Monday, May 08, 2006

Chatter about Street Thief Finally Begins to Emerge

After seeing "Street Thief" I was really curious to see what people's reactions to the movie would be. One of my regular readers (with whom I saw the movie) said that I was too hard on it, that the film was immensely entertaining, and if I recall his comment at the time "a mind-fuck" but in a good way. I did give it a very high rating on the "audience award" card for simply being watchable and enjoyable. However, I still hold that part of what made the whole thing so wild and entertaining was its premise of "truth." If I had thought I was watching staged burglaries, and an actor playing a burglar, I might not have been sitting there as I was, and I might have demanded more from it, such as character development, or more of a story.
As a fake documentary, however, it does have a plot twist, such as the disappearance of the film's main character and the involvement of the "film-makers" with the police investigation of his disappearance. And as I said in my previous comments, Bader is an extremely engaging Kaspar.
Meanwhile, here's an indepth discussion of it at
cinema strikes back


Anonymous said...

Street Thief RAWKS!

What I really liked about it was it does make you question the truthiness of all the so-called-reality infotainment propaganda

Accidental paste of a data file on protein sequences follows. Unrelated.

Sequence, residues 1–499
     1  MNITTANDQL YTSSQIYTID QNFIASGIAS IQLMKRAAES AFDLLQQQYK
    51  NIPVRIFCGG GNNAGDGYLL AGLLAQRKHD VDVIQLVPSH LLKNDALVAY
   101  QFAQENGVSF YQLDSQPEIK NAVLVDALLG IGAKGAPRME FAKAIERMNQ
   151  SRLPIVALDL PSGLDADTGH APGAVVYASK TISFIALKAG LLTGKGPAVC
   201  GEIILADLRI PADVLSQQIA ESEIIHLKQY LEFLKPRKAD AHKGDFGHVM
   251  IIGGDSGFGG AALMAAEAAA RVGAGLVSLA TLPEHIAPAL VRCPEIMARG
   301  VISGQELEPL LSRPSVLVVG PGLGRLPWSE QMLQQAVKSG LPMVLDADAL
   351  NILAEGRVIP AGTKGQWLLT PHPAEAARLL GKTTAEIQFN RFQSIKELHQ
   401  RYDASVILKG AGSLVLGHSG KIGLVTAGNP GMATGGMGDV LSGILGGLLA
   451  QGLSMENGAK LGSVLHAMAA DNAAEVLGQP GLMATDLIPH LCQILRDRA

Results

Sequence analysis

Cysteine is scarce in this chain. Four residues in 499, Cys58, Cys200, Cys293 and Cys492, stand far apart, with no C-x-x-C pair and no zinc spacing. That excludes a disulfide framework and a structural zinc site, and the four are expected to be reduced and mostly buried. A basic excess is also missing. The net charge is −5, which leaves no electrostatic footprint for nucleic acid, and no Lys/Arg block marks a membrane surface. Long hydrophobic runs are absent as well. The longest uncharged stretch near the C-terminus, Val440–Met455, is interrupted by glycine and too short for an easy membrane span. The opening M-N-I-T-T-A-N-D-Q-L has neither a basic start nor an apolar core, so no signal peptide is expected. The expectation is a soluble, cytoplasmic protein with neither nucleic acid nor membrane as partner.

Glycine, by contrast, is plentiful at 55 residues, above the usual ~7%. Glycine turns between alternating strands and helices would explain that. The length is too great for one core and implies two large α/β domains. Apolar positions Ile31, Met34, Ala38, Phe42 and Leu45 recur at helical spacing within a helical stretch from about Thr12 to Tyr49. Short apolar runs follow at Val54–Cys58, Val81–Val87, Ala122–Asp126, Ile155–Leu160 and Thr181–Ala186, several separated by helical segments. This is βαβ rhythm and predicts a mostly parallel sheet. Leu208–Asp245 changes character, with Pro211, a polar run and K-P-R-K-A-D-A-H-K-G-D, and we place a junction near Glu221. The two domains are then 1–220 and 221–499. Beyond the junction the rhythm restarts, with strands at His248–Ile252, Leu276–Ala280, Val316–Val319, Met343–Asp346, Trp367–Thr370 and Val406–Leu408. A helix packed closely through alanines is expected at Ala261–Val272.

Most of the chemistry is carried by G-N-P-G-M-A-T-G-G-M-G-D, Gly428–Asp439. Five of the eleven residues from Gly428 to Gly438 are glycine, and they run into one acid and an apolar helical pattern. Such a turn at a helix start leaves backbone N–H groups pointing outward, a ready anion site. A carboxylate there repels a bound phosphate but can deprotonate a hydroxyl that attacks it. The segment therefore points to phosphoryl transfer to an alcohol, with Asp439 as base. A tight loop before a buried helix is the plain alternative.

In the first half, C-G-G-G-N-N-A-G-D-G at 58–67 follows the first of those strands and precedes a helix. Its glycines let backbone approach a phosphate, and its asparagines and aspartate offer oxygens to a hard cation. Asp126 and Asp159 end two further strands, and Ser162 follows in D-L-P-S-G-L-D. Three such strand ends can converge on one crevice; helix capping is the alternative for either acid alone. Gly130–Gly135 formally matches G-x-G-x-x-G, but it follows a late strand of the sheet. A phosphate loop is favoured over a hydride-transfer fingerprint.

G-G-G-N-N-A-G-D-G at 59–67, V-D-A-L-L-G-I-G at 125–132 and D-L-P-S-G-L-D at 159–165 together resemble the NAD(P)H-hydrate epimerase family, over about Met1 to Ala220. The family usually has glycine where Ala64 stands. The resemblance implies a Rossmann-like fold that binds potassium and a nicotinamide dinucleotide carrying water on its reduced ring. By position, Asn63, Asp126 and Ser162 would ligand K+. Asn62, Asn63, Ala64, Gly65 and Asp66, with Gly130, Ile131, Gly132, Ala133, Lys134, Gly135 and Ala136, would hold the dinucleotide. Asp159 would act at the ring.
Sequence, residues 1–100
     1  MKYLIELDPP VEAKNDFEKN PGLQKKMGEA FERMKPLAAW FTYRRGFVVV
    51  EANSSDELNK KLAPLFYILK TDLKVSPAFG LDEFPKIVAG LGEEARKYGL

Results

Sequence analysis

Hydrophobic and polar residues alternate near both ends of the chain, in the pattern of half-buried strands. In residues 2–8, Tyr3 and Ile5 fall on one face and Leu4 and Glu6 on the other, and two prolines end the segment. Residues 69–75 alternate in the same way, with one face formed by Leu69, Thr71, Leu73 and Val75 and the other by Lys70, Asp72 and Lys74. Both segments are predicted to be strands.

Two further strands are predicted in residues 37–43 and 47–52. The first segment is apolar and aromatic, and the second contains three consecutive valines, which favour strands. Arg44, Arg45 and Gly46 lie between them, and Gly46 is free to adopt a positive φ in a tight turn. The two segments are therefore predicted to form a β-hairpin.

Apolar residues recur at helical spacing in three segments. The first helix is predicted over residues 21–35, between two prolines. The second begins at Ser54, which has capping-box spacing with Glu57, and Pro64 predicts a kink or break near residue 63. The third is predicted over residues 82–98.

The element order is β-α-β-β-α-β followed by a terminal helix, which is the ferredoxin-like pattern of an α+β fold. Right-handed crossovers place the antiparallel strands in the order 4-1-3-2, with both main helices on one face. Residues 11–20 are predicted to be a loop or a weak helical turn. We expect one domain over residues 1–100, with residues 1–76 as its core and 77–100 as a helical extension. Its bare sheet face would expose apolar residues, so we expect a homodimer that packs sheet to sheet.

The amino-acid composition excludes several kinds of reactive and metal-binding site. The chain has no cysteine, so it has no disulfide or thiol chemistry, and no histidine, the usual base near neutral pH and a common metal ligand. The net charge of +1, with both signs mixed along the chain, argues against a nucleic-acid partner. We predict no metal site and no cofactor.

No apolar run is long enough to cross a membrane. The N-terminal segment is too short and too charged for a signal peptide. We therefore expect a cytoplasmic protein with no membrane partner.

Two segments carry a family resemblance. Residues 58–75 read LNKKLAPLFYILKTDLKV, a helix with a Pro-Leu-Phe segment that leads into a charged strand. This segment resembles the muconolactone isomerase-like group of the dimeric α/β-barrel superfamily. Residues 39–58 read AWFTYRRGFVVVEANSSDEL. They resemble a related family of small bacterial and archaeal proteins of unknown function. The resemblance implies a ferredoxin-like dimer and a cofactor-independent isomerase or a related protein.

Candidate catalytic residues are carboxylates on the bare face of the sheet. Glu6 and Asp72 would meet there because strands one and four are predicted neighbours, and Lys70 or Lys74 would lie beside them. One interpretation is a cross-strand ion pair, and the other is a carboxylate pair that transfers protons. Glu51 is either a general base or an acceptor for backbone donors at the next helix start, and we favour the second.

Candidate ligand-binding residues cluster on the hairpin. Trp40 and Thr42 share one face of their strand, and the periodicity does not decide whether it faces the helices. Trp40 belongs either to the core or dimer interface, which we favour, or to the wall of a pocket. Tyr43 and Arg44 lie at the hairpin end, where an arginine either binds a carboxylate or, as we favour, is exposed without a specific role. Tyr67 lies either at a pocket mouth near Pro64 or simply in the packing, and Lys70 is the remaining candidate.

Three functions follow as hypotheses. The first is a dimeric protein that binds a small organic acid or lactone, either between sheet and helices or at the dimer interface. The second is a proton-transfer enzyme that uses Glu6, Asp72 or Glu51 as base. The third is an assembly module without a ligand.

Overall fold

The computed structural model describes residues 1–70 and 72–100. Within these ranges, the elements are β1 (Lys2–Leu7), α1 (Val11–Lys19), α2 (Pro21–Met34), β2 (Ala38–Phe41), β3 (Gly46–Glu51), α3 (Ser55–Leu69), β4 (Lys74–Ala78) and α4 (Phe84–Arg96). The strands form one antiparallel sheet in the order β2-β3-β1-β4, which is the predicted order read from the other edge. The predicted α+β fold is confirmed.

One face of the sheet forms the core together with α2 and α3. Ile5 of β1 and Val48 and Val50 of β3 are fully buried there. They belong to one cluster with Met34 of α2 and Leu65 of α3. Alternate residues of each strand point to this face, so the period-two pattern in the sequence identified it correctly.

Anonymous said...

NY Daily News via Steve Gilliard:

Black students and educators are denouncing a series of questions on the most recent global history [NY State] Regents exam...

The questions... asked students to describe how Africa benefited from imperialism...

a passage from Lugard's "The Dual Mandate in British Tropical Africa," from 1922... "We are endeavoring ... to teach the native races to conduct their own affairs with justice and humanity, and to educate them alike in letters and in industry,"

Students were asked to name "two ways the British improved the lives of Africans."

...Esmeralda Simmons, the executive director of the Center for Law and Social Justice at Medgar Evers College [said] "It's basically asking students of African descent, and all students, to justify European or British imperialism as if Africans were either culturally or genetically inferior."